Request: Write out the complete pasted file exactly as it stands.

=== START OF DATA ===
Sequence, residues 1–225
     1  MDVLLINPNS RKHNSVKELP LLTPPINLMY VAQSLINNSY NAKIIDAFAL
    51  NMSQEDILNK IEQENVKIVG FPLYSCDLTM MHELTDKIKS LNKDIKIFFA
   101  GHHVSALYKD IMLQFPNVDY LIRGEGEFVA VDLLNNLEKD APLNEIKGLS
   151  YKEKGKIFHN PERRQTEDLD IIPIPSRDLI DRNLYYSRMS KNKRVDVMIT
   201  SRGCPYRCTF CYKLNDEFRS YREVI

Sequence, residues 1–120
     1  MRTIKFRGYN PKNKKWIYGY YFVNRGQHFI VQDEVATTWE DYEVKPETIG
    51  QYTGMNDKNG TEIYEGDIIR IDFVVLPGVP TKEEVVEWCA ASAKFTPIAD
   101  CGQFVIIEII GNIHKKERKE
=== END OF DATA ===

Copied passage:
Sequence, residues 1–225
     1  MDVLLINPNS RKHNSVKELP LLTPPINLMY VAQSLINNSY NAKIIDAFAL
    51  NMSQEDILNK IEQENVKIVG FPLYSCDLTM MHELTDKIKS LNKDIKIFFA
   101  GHHVSALYKD IMLQFPNVDY LIRGEGEFVA VDLLNNLEKD APLNEIKGLS
   151  YKEKGKIFHN PERRQTEDLD IIPIPSRDLI DRNLYYSRMS KNKRVDVMIT
   201  SRGCPYRCTF CYKLNDEFRS YREVI

Sequence, residues 1–120
     1  MRTIKFRGYN PKNKKWIYGY YFVNRGQHFI VQDEVATTWE DYEVKPETIG
    51  QYTGMNDKNG TEIYEGDIIR IDFVVLPGVP TKEEVVEWCA ASAKFTPIAD
   101  CGQFVIIEII GNIHKKERKE